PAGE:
That is an excellent insight actually. It’s the same thing scholars say when they describe Singapore as practising “electoral authoritarianism” or “competitive authoritarianism” (without using vague terms like “horrible” and misleading ones like “dictator”, of course). Elections are held regularly, votes are not tampered with, and people can vote the ruling party out if they want to; but the absence of an independent media, a strong civil society and genuine political competition by the opposition makes it difficult for Singaporeans to elect the government they really want.

So Amos is on to something here. Now he just needs to realise that most Singaporeans are, in fact, aware of this. He may also gain some perspective by looking at how common this phenomenon is internationally. But I doubt his purpose here is to convince his viewers as much as it is to elicit attention and have his video go viral.

The rest of the video features more of the same: a strident tone, more belligerent name-calling, crude references to the male anatomy and an unnecessary (and inaccurate) comparison to Jesus. If Amos’ plan was to inspire Singaporeans to vote for change in the next elections (as he suggests at the end of the video), then he failed miserably. All he has done is alienate his viewers, most of who do not appreciate being the subject of his abuse.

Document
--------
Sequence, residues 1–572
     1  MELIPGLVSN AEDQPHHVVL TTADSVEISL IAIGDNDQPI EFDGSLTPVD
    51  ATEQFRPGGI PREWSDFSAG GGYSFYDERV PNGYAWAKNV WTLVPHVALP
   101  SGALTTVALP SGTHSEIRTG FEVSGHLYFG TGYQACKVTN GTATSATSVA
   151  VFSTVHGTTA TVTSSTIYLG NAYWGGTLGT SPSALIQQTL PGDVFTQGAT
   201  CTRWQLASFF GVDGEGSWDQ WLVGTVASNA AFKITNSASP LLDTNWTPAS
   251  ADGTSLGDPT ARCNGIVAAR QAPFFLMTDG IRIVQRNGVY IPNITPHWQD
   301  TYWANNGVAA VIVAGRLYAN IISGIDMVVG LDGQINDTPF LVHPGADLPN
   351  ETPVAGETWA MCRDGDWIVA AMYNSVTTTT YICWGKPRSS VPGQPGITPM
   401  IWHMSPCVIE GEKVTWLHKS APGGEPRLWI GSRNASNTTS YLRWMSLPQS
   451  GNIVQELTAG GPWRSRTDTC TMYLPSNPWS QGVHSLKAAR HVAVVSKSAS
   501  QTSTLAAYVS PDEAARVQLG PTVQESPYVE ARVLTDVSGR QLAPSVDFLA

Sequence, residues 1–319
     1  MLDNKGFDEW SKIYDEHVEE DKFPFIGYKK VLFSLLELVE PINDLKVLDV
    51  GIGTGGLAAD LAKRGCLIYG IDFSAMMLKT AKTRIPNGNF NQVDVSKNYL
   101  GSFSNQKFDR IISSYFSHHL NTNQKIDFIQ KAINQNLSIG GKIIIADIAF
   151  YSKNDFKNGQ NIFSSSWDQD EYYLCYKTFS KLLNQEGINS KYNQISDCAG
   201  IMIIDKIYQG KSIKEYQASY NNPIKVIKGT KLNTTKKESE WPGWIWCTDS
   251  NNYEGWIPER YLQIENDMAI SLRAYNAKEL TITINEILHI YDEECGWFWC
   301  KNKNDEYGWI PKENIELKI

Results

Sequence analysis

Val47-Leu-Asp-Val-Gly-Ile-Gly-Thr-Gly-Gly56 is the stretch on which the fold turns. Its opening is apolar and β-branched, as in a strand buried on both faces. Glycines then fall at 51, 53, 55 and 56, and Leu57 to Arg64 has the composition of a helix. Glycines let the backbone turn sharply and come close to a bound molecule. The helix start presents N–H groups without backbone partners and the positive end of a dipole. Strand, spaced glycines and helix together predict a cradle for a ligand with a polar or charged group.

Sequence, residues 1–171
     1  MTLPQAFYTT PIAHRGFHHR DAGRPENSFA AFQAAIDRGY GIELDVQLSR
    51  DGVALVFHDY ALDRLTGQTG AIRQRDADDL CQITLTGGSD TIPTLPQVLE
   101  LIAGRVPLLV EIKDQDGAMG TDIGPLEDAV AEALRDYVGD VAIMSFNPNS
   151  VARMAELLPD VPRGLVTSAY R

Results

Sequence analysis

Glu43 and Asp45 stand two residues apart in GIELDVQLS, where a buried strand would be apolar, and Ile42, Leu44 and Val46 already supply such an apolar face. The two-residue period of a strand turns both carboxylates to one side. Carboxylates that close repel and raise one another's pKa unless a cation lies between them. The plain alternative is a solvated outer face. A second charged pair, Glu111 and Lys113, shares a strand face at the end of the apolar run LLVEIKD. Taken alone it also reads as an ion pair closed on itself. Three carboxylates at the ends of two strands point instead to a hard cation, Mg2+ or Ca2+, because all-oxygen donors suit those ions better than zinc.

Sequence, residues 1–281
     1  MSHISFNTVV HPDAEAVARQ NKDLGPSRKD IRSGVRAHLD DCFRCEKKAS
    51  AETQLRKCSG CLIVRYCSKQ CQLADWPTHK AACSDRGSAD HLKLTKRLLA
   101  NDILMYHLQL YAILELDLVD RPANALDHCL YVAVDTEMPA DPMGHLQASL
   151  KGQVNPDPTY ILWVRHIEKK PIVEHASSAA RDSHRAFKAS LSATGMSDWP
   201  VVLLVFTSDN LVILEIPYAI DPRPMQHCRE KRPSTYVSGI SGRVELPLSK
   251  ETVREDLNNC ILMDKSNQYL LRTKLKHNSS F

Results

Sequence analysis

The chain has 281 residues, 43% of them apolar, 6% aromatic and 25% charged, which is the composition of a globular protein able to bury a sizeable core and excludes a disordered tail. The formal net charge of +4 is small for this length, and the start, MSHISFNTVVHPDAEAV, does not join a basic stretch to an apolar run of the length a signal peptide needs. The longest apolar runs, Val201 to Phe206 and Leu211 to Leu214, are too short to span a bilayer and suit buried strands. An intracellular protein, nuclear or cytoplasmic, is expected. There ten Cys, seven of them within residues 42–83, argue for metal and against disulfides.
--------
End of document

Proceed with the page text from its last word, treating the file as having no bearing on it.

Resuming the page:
Amos raised a number of contentions that most of us are familiar with: defamation suits, a judiciary that is partial to the Government, income inequality (with some selective statistics), high ministerial salaries, and a materialistic culture. In case you’re wondering whether you should put yourself through an 8-minute ordeal to find out if he said something valuable, don’t bother, it’s just a ramble interspersed with gratuitous insults. He doesn’t tell us anything we don’t already know.


Parliament House, what Amos Yee is up against. Pic: Wikimedia Commons.

Counterproductive rant

What Amos did do, however, is undermine the causes that he supposedly stood for in the video. Getting the government to relax restrictions on the media, work towards greater income equality and grant Singaporeans greater political freedom, is not just a rhetorical battle, it is a strategic one. Because of his poor timing and arrogant approach, Amos achieved nothing. Instead, he has become an excellent example of why we need to keep the Sedition Act.